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It feels good to contribute.
Yes, after all, that's what really matters. Don"t worry about the future, just enjoy the present Every computer counts!
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Old 2018-03-06, 22:44   #8
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Quote:
Originally Posted by Blackadder View Post
Some unexpected answers; cool. It feels good to contribute.
Welcome to GIMPS and to the forum! If you enjoy unexpected answers, you've come to a likely source. This diverse group produces diverse responses. These are some of the charms, (and irritations,) of the forum.
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Old 2018-03-06, 23:09   #9
henryzz
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Quote:
Originally Posted by CRGreathouse View Post
A 100 qubit quantum computer would be interesting (for quantum supremacy), a 1000 qubit quantum computer would be useful (for modeling quantum systems and quantum chemistry), and a one-million qubit quantum computer would be revolutionary, but it still wouldn't help GIMPS search for large primes AFAICT. (It would help factor small composite Mersenne numbers, which would be useful for enumerating pseudoprimes for example.)
On the subject of quantum computers, do we have any primality tests for quantum computers that will be able to prove primes we can't currently with 1M qubits?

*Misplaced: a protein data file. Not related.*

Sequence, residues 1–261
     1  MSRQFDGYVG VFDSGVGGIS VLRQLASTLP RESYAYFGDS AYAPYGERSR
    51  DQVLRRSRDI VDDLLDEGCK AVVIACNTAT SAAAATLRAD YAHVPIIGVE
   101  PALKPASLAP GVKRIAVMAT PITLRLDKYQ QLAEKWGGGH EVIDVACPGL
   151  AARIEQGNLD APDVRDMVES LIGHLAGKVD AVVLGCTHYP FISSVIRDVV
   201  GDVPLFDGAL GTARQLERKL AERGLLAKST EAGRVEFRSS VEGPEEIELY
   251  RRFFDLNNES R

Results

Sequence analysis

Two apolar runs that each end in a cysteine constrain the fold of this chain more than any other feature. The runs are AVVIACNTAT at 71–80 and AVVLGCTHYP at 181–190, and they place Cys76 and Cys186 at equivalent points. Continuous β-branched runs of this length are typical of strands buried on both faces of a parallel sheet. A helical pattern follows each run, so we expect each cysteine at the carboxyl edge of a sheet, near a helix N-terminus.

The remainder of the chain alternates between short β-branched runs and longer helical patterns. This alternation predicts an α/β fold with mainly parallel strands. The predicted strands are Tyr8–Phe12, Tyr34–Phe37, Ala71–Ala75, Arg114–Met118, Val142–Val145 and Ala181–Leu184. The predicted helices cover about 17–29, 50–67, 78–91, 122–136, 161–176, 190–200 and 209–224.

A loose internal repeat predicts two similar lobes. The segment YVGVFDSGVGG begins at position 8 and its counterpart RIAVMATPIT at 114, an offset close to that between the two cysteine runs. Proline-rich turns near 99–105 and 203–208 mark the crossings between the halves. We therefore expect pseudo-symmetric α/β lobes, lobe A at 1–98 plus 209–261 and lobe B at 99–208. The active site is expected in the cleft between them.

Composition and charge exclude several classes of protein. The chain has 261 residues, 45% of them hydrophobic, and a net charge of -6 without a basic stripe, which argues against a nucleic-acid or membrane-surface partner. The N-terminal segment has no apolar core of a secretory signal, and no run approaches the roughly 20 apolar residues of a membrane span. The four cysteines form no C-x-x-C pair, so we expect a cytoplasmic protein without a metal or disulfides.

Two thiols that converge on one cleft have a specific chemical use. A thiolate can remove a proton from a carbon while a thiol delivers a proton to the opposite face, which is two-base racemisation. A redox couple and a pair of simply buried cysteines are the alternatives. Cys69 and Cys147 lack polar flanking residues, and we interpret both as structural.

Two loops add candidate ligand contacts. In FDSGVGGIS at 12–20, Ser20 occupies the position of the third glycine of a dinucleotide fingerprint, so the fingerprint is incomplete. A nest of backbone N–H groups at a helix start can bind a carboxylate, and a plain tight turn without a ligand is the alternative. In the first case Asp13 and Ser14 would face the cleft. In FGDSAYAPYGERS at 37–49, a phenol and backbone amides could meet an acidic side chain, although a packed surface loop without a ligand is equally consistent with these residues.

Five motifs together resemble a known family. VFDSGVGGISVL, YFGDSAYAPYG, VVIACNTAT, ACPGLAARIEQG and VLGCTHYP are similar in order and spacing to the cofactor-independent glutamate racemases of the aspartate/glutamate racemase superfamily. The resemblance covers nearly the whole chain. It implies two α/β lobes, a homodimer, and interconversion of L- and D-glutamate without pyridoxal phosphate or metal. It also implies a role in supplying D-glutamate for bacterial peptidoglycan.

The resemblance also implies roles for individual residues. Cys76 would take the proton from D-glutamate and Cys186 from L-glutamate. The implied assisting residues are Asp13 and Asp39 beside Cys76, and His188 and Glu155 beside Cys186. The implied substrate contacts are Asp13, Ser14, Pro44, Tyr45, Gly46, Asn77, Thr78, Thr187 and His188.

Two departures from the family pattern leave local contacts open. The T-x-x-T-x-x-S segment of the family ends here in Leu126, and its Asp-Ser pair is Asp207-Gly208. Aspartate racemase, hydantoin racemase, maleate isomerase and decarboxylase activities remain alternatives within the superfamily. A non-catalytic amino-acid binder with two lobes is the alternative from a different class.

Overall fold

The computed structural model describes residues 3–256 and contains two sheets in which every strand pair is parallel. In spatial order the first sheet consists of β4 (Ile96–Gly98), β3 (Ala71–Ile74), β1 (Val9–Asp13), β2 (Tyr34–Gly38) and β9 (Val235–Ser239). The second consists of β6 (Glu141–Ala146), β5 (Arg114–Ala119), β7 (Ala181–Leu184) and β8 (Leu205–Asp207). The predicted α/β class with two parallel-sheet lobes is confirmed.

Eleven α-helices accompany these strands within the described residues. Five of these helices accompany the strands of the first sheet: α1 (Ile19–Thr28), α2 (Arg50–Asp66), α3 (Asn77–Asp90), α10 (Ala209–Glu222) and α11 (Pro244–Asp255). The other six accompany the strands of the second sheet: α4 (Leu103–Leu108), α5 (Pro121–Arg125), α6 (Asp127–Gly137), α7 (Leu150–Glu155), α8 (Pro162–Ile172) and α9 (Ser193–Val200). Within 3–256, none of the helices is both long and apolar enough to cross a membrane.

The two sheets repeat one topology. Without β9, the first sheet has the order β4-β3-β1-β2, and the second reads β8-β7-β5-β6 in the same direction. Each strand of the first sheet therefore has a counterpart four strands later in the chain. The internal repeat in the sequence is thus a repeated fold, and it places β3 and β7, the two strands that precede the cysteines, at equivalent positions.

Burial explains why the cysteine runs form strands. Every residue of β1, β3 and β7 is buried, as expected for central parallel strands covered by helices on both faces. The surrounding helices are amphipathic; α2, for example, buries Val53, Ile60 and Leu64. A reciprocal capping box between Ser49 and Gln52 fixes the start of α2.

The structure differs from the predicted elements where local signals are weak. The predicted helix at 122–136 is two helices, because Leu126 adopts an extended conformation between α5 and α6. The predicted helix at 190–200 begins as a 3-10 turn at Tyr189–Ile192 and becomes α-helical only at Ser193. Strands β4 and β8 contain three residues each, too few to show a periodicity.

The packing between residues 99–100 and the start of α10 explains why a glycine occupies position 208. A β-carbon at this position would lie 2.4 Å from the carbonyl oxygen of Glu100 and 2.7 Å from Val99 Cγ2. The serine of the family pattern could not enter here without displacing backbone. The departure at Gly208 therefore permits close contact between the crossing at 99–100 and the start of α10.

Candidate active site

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Old 2018-03-07, 03:36   #10
jasonp
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Originally Posted by henryzz View Post
On the subject of quantum computers, do we have any primality tests for quantum computers that will be able to prove primes we can't currently with 1M qubits?
Use Shor's algorithm; if it cannot factor the input, then it is prime :)

Supercomputers are super because they are large and expensive; thus they are basically always reserved for computations that would be difficult anywhere else. If each node is a $15k server, and you have 10000 of them, along with switches that connect all of them to each other with a latency of microseconds and cost as much as the computers do, why would anyone in charge of such a machine devote time to tasks that 10000 volunteers would take on for free, with a latency of the internet?
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Old 2018-03-07, 05:58   #11
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Quote:
Originally Posted by henryzz View Post
On the subject of quantum computers, do we have any primality tests for quantum computers that will be able to prove primes we can't currently with 1M qubits?
Quote:
Originally Posted by jasonp View Post
Use Shor's algorithm; if it cannot factor the input, then it is prime :)
That works* up to 2^19 - 1, but beyond that you'll need more qubits. The best you can do is 2^p qubits for an exponent of p for Shor's algorithm modified with Kitaev recycling -- and frankly that setup seems extremely fragile, where a single error would probably destroy the whole answer. Maybe I should also cite Griffiths & Niu around the same time for the concept of qubit recycling. I'm not sure if it's entirely general but it certainly applies to the QFT in Shor's algorithm.

There's also the algorithm of Grosshans, Lawson, Morain, & Smith which is better by a constant factor than Shor's algorithm against semiprimes, and I think the recycling trick still works.

* Assuming your decoherence time is long enough for the calculation and your error rate is low enough. In practice you just run it a bunch of times like probable-prime tests.

Last fiddled with by CRGreathouse on 2018-03-07 at 06:29